Marijuana and Cannabis News
A tragic accident involving a four-year-old shooting his three-year-old brother occurred Sunday. Fortunately, the younger brother is OK, but because the father was in another room allegedly smoking marijuana, the St. Louis County police and local media decided to make that the focus of the story.
The shooting happened around noon on Sunday. A loaded gun was hidden inside a closet, and the child was able to reach it. He and his brother played with the gun and it went off, a bullet striking the younger brother in the left shoulder. The child was treated at a local hospital for soft-tissue injury and released.
Three Phoenix residents were caught trying to bring back more than 1,200 pounds of marijuana to the United States in RVs, on the pot holiday of "4/20."
If the more seasoned drug-smugglers can get caught crossing the border by hiding drugs in specially fabricated compartments or inside bodily orifices, you can bet the pot-filled RV plot didn't go over so well.
Louisiana lawmakers will not be reducing the penalties for the possession of an ounce of marijuana and have decided to maintain some of the harshest pot penalties in the country.
The sad thing? The reductions still would have made criminals out of cannabis users and those caught still faced up to six months in jail and $500 fines as before. In fact, it wouldn't have really done much of anything - yet lawmakers still were opposed to it based on knee-jerk principles alone.
U.S. Navy. Washington D.C.
While the elected officials of our nation's capital have already decided that decriminalizing small amounts of marijuana is the best thing for their city, the move still has to be approved by the U.S. House as per federal law. More accurately, the bill has to be disapproved in 60 days or less, giving congress the option of ignoring the move and letting it become law by default.
But that doesn't look like it will be the case, as a Republican-controlled House subcommittee plans to discuss the matter.
After eight years of their economy going into the gutter, Puerto Rico is kicking around the idea of giving their tourism industry a boost by legalizing marijuana use. And if that doesn't get you down to the tiny little Caribbean island, they're also considering legalizing prostitution.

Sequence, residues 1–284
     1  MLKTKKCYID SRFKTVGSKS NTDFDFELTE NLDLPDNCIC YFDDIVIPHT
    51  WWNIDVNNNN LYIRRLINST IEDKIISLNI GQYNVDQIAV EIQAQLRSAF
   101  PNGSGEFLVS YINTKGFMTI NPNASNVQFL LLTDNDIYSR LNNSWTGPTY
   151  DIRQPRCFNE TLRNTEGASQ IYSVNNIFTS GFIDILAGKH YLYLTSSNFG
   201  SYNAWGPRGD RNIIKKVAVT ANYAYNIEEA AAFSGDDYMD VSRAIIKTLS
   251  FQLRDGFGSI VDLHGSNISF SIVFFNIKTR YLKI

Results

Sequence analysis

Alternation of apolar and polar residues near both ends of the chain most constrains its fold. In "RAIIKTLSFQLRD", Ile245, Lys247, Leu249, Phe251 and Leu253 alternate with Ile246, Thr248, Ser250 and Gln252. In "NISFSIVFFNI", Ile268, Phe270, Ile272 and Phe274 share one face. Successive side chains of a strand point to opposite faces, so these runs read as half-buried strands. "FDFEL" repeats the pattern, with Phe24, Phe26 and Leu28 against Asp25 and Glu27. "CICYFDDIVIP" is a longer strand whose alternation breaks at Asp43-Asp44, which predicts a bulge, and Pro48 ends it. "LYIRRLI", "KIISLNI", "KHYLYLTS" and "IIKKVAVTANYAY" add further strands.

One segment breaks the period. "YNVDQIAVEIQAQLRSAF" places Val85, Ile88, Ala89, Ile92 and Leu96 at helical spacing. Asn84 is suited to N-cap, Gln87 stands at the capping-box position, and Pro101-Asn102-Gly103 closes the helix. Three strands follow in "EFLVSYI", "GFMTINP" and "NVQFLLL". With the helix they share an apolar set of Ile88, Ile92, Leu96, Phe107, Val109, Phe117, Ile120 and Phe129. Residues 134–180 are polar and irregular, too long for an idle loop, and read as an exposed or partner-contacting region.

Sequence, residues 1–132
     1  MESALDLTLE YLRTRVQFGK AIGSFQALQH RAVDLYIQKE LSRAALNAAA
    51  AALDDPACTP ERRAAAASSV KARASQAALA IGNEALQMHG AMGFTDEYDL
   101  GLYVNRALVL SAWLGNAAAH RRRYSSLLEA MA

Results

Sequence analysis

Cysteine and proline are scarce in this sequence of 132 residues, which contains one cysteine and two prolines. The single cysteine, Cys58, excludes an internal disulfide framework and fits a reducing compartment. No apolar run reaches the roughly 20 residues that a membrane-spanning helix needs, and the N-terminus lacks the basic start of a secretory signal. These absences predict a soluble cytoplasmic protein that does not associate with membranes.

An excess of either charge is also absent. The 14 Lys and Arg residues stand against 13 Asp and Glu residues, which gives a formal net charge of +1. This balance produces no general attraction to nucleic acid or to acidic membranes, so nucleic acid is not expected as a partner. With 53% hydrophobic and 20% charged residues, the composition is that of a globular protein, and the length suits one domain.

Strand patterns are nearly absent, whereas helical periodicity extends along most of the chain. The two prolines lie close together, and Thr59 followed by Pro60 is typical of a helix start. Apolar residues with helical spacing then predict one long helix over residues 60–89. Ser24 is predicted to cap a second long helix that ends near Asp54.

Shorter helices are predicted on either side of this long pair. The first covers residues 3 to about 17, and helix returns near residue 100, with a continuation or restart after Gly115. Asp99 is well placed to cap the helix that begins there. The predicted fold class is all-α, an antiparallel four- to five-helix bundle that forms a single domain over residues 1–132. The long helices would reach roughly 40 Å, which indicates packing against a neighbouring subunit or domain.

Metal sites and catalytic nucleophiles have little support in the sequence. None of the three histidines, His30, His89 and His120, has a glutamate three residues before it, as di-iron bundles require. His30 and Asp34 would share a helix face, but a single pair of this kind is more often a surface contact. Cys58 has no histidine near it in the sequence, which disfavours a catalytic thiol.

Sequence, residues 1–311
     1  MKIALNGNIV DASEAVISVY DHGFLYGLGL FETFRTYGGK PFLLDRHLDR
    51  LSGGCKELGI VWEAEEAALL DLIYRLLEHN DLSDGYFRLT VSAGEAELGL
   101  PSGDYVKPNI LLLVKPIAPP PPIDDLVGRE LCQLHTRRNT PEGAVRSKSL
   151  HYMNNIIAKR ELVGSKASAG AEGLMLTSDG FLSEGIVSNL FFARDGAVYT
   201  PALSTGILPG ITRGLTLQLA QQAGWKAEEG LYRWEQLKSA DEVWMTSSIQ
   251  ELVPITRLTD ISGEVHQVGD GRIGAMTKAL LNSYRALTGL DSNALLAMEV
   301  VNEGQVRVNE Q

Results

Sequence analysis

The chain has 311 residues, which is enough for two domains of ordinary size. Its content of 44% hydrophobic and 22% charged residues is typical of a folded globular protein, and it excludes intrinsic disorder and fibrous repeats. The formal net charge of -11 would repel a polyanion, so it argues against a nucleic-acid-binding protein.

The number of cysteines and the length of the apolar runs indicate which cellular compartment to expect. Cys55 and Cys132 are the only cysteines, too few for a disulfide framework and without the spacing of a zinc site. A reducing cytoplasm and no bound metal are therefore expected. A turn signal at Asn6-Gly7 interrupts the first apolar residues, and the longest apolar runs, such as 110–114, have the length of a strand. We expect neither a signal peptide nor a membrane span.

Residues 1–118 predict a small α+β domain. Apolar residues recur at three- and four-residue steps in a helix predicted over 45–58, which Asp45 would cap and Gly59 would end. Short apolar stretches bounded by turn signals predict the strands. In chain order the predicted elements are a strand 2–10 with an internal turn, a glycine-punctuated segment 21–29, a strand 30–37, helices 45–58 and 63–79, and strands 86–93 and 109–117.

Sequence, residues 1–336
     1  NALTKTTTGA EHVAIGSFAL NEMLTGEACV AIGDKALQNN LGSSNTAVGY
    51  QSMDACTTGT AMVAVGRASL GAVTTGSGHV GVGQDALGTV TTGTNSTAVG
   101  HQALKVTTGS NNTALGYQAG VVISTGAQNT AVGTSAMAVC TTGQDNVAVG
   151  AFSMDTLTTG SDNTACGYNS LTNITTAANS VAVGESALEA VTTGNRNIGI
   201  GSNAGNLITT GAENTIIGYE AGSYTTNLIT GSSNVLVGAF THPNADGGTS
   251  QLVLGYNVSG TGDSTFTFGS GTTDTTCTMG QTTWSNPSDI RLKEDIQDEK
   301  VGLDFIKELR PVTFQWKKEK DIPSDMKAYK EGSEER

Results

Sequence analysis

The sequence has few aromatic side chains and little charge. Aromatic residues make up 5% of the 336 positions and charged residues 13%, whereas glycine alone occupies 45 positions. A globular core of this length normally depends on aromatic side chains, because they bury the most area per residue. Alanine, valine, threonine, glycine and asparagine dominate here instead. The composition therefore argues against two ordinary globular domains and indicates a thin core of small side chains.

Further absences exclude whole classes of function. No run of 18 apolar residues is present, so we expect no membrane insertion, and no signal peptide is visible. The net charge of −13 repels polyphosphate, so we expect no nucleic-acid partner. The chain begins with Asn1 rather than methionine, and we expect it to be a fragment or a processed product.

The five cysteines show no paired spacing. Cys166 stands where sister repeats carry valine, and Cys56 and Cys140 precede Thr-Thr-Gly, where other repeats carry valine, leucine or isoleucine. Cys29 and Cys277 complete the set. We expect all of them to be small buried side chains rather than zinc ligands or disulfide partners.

The Arizona Supreme Court announced this morning that it was reaffirming the trial court's decision to dump the case of Hrach Shilgevorkyan, who was prosecuted for driving while impaired after a blood test revealed the presence of marijuana. New Times covered the case and overall issue in detail in the Phoenix New Times May 2013 article "Riding High."
Believe it or not, some Colorado locals were less than thrilled about the annual 4/20 event in Denver this year. But few observers were as negative as Smart Colorado, an organization devoted to "protecting youth from marijuana." In the wake of the rally, the group put out a statement under the heading "Smart Colorado Speaks About Shocking 4/20 Activities" that decried the gathering in terms that a pot advocate heavily involved in the Civic Center spectacle describes as "hysterical."
"Dozens" of people at the 4/20 rally in Hyde Park, from U.K. NORML.
It seems the British media have no issue portraying this past weekend's 4/20 rally in London's Hyde Park as a miserable, wet failure with only "dozens" of attendees when -- according to those who were actually there -- that couldn't be farther from the truth.
The idea of Texas as a marijuana-hating state might not be exactly accurate according to a study this week from Progress Texas that shows 92 percent of 9,000 Texans surveyed want the plant legalized and 93 percent want it decriminalized.
The study coincides with the Dallas-Fort Worth chapter of the National Organization for the Reform of Marijuana Laws putting up a billboard in the Metroplex advertising for the 2014 Global Marijuana March on May 3 in Fort Worth with the slogan "Isn't it high time you got involved?"
Apparently the Florida legislature didn't get the memo that CBD doesn't get you high. Currently, lawmakers are working on a CBD-only bill that would give children suffering from rare seizure disorders to access to the extract. It should be a no-brainer. But because CBD is pot-related, lawmakers are still freaked out about it being abused.